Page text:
After candidates in nine constituencies failed to win an outright majority Bahrain is to hold a run-off round of special parliamentary elections in October.
Bahrain forced to hold run-off elections after lack of majorities
MANAMA // Bahrain is to hold a run-off round of special parliamentary elections after candidates in nine constituencies failed to win an outright majority, the justice minister said yesterday.
Sheikh Khalid Al Khalifa's announcement came a day after voting took place to fill 18 seats in the 40-member parliament that were vacated by the Al Wefaq group, the biggest Shiite party.
The run-off is due to be held on October 1.
Also yesterday, the head of Bahrain's main opposition party challenged the official turnout figures for the parliamentary elections.
Sheikh Ali Salman claims about 17 per cent of voters took part in Saturday's elections.
The government's preliminary turnout figure was more than 51 per cent, but it was unclear if the tally included counts from districts where candidates ran unopposed.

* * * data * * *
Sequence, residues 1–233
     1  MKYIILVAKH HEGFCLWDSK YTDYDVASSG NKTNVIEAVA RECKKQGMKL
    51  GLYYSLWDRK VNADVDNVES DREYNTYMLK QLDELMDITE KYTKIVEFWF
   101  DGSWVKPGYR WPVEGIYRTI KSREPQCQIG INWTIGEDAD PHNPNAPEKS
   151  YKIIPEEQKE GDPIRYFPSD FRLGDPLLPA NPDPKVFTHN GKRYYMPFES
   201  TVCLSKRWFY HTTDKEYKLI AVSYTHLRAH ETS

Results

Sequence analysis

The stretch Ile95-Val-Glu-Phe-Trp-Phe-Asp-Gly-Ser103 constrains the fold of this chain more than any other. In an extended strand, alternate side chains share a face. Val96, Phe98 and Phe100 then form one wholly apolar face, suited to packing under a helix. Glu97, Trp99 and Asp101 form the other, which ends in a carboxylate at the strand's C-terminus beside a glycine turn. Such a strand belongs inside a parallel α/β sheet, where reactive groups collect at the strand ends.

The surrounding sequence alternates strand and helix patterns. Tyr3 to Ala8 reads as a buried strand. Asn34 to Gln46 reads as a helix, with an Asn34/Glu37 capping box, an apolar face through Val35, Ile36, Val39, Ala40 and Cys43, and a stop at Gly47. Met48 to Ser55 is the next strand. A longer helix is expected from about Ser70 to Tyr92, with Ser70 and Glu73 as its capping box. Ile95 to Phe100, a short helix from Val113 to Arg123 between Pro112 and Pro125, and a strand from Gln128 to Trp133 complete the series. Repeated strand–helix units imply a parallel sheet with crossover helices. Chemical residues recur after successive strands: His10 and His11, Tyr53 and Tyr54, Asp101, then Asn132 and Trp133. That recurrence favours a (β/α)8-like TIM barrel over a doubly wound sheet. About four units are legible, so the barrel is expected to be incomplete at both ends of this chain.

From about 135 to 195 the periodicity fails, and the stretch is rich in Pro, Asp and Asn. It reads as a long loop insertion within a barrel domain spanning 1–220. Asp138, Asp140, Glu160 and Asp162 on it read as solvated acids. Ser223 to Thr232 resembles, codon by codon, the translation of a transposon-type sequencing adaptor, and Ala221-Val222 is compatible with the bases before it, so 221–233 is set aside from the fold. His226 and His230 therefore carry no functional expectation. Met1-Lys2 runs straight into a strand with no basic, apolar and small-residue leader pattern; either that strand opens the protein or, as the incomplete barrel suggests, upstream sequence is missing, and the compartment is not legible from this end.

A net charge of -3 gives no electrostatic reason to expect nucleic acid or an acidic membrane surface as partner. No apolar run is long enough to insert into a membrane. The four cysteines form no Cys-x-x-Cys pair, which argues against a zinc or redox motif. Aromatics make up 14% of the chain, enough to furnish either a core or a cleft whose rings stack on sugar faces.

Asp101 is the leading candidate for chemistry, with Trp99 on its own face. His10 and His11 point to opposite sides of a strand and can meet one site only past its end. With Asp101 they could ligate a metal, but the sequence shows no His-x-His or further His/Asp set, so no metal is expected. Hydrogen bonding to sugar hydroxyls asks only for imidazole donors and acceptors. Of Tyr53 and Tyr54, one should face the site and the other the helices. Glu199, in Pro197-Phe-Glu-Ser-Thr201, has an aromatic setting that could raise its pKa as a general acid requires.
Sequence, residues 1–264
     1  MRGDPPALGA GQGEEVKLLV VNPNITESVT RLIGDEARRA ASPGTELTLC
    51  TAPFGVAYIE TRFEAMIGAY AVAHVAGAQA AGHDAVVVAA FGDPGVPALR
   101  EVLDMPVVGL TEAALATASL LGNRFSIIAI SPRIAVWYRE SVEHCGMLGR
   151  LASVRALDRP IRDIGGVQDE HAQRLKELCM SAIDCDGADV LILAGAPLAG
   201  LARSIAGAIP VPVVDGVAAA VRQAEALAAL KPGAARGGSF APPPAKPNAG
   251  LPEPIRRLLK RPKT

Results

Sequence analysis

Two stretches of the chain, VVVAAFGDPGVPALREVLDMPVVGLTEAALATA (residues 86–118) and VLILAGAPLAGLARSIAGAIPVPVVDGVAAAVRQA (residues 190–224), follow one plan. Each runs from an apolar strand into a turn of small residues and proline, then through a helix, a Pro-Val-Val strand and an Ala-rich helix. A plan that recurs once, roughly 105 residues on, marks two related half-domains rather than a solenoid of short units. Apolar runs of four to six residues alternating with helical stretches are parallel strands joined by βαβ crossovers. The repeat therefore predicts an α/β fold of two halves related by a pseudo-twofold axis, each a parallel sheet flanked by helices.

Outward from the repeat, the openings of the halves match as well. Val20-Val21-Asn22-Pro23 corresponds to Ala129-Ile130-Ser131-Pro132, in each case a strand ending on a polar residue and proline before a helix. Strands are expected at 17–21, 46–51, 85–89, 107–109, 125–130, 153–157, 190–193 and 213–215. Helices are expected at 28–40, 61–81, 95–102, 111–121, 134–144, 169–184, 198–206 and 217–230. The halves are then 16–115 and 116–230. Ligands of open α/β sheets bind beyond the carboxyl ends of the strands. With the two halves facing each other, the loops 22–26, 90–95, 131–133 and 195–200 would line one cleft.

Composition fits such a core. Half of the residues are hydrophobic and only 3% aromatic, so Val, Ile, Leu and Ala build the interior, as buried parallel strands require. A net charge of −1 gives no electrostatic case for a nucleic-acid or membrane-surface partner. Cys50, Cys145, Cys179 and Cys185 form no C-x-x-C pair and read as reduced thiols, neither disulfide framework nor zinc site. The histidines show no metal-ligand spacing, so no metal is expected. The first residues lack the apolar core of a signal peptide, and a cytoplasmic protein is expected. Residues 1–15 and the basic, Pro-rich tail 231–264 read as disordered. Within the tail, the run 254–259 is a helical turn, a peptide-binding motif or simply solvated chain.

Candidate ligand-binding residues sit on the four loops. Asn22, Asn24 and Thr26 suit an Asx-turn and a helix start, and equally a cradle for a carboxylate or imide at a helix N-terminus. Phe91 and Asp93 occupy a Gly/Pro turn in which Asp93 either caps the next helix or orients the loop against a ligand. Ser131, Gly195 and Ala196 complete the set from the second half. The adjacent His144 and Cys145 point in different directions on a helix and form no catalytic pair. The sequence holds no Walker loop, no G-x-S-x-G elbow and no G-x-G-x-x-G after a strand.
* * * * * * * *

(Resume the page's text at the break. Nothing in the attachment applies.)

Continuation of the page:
Mr Salman's Wefaq party and other Shiite blocs urged a boycott to protest crackdowns.
He claimed yesterday that the boycott was effective.
The groups seek greater rights from the Sunni rulers.
Al Wefaq legislators quit in objection to a crackdown on mostly Shiite demonstrators who held rallies in February and March.
At least 35 people died in protest-related violence.
Before Saturday's vote, four candidates were declared winners after their competition withdrew.
On the eve of the election, police blocked protesters trying to march to the capital, witnesses said.
More radical elements of the opposition have tried several times to march back into the city in recent weeks and Friday's attempt appeared to be the largest since the crackdown.
But police barred their way, including roads to the Sanabis area and the Bahrain Financial Harbour, which flank the central roundabout that was the centre of the protests seven months ago.
* Agence France-Presse with a report from Associated Press